The pro-VMware guy in the original ZDNet debate doesn't see the damage VMware is doing to itself when it comes to licensing. VMware can do no wrong in his eyes. I'm sure there are plenty of other die hards out there that are in the same boat. The old motto of you never got fired for buying IBM right. I can certainly respect the angle though as much as it pains my own history to admit that I think the tides have changed and VMware will have a harder and harder time pitching it's wares in the future, especially if it keeps playing games with licensing on a technology which it's own founders (I think -- I wish I could find the article) predicted would become commodity by about now. With the perceived slow uptake of vSphere 5 amongst users I think the trend is already starting to form. The problem with the uptake isn't just the licensing of course, it's that for many situations there isn't a compelling reason to upgrade - it's good enough has set in.
I can certainly, positively understand VMware providing premium pricing for premium services, an Enterprise Plus Plus ..or whatever. But don't vary the price based on provisioned utilization that's just plain shooting yourself (and your loyal customers) in the feet. The provisioned part is another stickler for me - the hypervisor has the ability to measure actual usage, yet they stick their model to provisioned capacity - whether or not the VM is actually using the resource. It is a simpler model but it makes planning more complicated.
The biggest scam in this whole cloud computing era so many people think we're getting into is the vast chasm between provisioned vs utilized capacity. With companies wanting to charge you for provisioned capacity and customers wanting to over provision so they don't have to make constant changes to manage resources, knowing that they won't be using all that capacity up front.
The technology exists, it's just that few people are taking advantage of it and fewer yet have figured out how to leverage it (at least in the service provider space from what I have seen).
Take Terremark (now Verizon), a VMware-based public cloud provider (and one of only two partners listed on VMware's site for this now old program). They built their systems on VMware, they build their storage on 3PAR. Yet for this vCloud express offering there is no ability to leverage resource pools, no ability to utilize thin provisioning (from a customer standpoint). I have to pay attention to exactly how much space I provision up front, and I don't have the option to manage it like I would on my own 3PAR array.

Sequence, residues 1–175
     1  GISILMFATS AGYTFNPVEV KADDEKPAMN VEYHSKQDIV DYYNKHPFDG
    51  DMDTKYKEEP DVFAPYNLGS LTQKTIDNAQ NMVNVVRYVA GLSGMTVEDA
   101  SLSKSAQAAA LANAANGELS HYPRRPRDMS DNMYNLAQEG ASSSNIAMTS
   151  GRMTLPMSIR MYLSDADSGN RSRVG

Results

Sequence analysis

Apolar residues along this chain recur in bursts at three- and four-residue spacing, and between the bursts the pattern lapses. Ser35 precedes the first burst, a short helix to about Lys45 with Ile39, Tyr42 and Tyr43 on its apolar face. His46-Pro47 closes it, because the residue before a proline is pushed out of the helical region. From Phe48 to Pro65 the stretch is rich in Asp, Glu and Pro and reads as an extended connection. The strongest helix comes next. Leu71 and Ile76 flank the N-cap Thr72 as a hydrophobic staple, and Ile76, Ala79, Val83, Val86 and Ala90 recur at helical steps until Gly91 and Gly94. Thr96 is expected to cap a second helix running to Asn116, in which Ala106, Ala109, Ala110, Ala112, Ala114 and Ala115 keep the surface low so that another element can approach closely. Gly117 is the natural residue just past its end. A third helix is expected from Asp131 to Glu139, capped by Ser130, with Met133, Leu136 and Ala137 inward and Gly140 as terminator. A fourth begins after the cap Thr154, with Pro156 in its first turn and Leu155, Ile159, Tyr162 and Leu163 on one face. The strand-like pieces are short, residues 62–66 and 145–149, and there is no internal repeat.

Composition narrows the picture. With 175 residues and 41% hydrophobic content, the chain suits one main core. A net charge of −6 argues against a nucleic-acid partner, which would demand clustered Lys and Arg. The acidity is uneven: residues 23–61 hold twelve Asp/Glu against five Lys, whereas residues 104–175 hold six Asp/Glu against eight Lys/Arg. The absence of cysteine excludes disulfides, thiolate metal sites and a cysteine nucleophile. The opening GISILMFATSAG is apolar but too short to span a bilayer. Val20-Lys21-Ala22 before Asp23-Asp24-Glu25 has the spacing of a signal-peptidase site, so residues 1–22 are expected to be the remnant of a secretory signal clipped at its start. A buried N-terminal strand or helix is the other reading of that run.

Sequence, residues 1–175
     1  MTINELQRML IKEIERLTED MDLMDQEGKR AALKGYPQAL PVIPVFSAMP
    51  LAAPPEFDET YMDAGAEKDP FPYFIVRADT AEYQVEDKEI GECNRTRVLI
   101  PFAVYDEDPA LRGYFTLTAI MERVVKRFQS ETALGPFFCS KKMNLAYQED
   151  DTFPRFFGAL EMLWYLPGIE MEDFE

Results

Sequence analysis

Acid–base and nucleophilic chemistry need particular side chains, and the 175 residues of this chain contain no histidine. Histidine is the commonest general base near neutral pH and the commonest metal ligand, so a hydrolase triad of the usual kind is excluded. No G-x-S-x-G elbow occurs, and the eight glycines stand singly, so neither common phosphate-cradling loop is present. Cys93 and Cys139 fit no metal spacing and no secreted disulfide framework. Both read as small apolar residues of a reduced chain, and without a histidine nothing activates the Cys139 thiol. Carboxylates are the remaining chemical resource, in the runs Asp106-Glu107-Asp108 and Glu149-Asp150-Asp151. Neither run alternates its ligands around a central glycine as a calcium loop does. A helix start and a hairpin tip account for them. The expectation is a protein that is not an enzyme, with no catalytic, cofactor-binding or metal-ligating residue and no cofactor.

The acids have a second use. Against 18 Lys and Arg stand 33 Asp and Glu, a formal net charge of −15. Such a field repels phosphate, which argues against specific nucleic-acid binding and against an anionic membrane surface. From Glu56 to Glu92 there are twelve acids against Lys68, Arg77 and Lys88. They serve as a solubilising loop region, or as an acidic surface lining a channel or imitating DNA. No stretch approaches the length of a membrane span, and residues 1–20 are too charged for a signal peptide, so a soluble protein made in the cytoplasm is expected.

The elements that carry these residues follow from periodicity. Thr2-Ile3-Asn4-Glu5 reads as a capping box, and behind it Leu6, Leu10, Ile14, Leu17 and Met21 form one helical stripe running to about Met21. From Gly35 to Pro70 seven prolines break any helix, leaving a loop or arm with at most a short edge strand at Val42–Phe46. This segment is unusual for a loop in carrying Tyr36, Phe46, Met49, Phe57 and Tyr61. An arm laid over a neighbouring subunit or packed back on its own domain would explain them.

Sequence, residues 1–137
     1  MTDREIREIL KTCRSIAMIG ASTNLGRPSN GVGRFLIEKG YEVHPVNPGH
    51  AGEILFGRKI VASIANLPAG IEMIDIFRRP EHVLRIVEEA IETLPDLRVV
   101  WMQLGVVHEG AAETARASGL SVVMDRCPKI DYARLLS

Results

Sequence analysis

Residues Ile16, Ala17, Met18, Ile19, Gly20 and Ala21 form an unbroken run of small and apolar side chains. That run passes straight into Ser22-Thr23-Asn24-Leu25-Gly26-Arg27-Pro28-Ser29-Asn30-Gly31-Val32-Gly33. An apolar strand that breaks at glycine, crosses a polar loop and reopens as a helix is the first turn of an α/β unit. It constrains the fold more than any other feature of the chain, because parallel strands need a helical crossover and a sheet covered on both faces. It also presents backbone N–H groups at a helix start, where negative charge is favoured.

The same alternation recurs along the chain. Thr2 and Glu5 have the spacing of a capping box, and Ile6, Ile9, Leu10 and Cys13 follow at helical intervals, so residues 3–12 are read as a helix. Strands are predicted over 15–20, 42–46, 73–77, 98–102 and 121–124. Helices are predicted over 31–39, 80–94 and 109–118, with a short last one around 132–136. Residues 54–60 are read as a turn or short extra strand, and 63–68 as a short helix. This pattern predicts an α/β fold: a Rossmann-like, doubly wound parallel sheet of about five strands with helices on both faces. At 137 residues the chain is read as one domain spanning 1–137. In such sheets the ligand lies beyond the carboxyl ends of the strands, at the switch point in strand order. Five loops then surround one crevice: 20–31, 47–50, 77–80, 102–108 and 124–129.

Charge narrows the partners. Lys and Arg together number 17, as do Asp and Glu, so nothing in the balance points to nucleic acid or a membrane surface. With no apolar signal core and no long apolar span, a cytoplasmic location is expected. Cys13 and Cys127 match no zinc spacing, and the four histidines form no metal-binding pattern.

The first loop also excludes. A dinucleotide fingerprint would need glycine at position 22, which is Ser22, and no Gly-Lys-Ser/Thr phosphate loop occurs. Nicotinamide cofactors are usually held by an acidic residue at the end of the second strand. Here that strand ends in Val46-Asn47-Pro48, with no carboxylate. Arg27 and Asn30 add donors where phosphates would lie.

Now Terremark has an enterprise offering that is more flexible and does offer resource pools, but this isn't available on their on demand offering. I still have the original quote Terremark sent me for the disaster recovery project I was working on at the time, it makes me want to either laugh or cry to this day. I have to give Terremark credit though at least they have an offering that can utilize resource pools, most others (well I haven't heard of even one - though I haven't looked recently) does not. (Side note: I hosted my own personal stuff on their vCloud express platform for a year so I know it first hand - it was a pretty good experience what drove me away primarily was their billing for each and every TCP and UDP port I had open on an hourly rate. Also good to not be on their platform anymore so I don't risk them killing my system if they see something I say and take it badly).
Obviously the trend in system design over recent years has bitten into the number of licenses that VMware is able to sell - and if their claims are remotely true - that 50% of the world's workloads are virtualized and of that they have 80% market share - it's going to be harder and harder to maintain a decent growth rate. It's quite a pickle they are in, customers in large part apparently haven't bought into the more premium products VMware has provided (that are not part of the Hypervisor), so they felt the pressure to increase the costs of the Hypervisor itself to drive that growth in revenue.
VMware is in trouble.
Simple as that.